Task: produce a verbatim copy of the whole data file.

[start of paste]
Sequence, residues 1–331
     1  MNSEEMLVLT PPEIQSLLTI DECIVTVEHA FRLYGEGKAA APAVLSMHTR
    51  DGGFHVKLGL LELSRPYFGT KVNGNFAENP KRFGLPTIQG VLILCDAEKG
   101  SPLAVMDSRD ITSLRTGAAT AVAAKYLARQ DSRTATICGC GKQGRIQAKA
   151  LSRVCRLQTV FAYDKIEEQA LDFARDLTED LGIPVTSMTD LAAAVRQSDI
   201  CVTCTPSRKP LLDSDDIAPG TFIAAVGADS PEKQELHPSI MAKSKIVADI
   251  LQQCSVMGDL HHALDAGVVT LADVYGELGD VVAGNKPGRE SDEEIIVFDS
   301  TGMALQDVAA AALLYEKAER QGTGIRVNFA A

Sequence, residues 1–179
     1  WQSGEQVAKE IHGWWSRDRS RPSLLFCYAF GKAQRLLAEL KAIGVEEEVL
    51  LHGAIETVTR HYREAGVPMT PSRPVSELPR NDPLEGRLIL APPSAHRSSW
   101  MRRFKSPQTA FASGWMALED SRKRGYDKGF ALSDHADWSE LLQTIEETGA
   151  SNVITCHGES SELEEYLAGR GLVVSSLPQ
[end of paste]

Sequence, residues 1–331
     1  MNSEEMLVLT PPEIQSLLTI DECIVTVEHA FRLYGEGKAA APAVLSMHTR
    51  DGGFHVKLGL LELSRPYFGT KVNGNFAENP KRFGLPTIQG VLILCDAEKG
   101  SPLAVMDSRD ITSLRTGAAT AVAAKYLARQ DSRTATICGC GKQGRIQAKA
   151  LSRVCRLQTV FAYDKIEEQA LDFARDLTED LGIPVTSMTD LAAAVRQSDI
   201  CVTCTPSRKP LLDSDDIAPG TFIAAVGADS PEKQELHPSI MAKSKIVADI
   251  LQQCSVMGDL HHALDAGVVT LADVYGELGD VVAGNKPGRE SDEEIIVFDS
   301  TGMALQDVAA AALLYEKAER QGTGIRVNFA A

Sequence, residues 1–179
     1  WQSGEQVAKE IHGWWSRDRS RPSLLFCYAF GKAQRLLAEL KAIGVEEEVL
    51  LHGAIETVTR HYREAGVPMT PSRPVSELPR NDPLEGRLIL APPSAHRSSW
   101  MRRFKSPQTA FASGWMALED SRKRGYDKGF ALSDHADWSE LLQTIEETGA
   151  SNVITCHGES SELEEYLAGR GLVVSSLPQ